Proposed U of M tuition freezes could stretch state grants


On November 6 between 8:30 a.m. and 2:30 p.m., Knutson Campus Center will host a booth at which students can thank their Minnesota legislators for their support of the state grant. If you receive state funding, it might be worth your time – and money – to stop by.

The state grant, which provides several lower and middle-class families with college funds, is based on the University of Minnesota’s tuition – as U. of Minnesota tuition goes up, the amount of total state funds increases.

However, the University of Minnesota proposes a tuition freeze for the next two years. That said, the state grant increases would also seize; the ever-increasing number of students would spread the static level of state funds, meaning fewer dollars allotted per student.

Dr. Mark Krejci, a psychology professor and Legislative Liaison of Concordia, said students should take the time to voice their appreciation for the state grant and encourage additional support for lower and middle-class families for the next legislative session.

“Many legislators support the state grant and have expressed it,” Krejci said.

Krejci said sending a thank you reminds legislators – especially new ones – of the need-based students who attend private colleges and universities. Some legislators don’t have children or come from wealthy backgrounds; they may not have personal interest in the state grant money.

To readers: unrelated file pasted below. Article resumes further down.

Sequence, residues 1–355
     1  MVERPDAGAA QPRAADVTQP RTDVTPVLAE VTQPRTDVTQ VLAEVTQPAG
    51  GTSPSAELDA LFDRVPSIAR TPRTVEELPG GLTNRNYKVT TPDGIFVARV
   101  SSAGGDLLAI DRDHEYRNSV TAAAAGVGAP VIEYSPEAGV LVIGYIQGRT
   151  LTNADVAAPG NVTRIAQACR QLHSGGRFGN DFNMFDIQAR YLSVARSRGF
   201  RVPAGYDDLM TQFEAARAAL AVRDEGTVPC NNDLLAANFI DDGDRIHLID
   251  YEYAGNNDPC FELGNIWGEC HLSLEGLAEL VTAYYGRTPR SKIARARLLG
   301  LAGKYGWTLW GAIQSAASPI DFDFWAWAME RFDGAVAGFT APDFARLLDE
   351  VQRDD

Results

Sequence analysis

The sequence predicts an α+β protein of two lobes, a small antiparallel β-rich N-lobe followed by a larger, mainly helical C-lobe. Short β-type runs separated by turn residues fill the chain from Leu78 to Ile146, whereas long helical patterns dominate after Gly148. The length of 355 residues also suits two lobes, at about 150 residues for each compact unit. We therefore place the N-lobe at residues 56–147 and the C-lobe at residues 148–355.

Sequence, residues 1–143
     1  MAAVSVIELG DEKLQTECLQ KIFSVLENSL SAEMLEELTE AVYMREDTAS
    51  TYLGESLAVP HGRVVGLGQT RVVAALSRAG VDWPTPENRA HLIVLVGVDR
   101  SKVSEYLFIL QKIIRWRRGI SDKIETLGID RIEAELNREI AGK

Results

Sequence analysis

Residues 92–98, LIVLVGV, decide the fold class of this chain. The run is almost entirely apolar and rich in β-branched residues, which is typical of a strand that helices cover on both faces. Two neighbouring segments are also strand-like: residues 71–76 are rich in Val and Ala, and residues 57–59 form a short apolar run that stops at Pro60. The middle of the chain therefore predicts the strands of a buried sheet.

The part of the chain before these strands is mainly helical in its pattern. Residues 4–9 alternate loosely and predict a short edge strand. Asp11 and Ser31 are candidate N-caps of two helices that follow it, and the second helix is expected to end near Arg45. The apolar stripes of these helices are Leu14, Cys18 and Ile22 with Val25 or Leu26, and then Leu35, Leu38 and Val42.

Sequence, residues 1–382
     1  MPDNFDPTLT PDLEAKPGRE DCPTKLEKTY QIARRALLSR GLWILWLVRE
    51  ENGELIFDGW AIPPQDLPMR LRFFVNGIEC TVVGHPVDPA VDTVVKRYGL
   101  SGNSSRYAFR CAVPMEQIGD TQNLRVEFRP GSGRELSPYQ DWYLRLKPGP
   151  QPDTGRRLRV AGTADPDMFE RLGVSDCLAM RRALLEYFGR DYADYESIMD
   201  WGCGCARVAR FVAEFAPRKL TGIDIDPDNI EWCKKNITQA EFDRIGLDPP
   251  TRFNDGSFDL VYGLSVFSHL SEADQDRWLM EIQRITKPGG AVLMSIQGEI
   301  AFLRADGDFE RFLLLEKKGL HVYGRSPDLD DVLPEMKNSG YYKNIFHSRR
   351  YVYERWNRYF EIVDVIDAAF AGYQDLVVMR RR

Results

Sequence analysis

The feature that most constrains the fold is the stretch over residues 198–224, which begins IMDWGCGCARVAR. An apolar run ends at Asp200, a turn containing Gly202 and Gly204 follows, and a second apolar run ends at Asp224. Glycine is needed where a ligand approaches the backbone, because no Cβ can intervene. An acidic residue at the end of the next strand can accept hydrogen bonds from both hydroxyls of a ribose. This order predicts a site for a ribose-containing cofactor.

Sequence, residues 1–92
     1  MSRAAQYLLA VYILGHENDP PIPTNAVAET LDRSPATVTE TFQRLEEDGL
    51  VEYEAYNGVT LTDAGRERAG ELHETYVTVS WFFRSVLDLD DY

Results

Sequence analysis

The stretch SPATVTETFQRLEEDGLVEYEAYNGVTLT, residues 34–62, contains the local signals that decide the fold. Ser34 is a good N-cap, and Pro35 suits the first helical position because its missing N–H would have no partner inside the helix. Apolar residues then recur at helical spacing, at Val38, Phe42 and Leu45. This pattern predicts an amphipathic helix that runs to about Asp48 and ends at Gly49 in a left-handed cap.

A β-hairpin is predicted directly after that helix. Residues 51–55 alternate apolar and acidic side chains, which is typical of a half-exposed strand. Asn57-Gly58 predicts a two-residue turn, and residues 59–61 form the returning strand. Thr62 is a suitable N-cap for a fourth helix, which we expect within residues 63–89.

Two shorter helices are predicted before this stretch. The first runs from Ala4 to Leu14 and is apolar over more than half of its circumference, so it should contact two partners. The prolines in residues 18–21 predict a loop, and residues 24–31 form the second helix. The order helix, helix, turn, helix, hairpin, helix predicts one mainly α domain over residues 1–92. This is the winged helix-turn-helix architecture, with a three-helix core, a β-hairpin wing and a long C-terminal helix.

“At first sight, [legislators] might see a freeze in tuition as a good thing,” Krejci said. “If the U. of Minnesota and MnSCU take all the [state funds], that’s not fair for our students, or any private colleges.”

Krejci said he views the state funding as a “three legged stool:” an equal third for the main U., MnSCU, and Private Colleges.

Mark Switajski and Levi Heath certainly plan to send their thanks.

“I wouldn’t be able to come here without the state loans.” Heath said. “Of the amount I’m not paying out of pocket, half is from scholarships and half is from government programs.”

Switajski said a personal touch could go a long way.

“I think it’s important for them to get a personal reaction to the state funds, instead of just seeing us sign student loans,” Switajski said. “For some students, this money is the difference between going to college or not.”

Whether students send thank yous on Nov. 6 or not, Krejci encourages students to contact their local House and Senate representatives and encourage them to increase the state’s support for private college students.

Krejci said the median family income at the U. of Minnesota proved higher than Concordia’s. With multiple scholarship offers and federal funding, he calls Concordia “the cheap date of higher education.”

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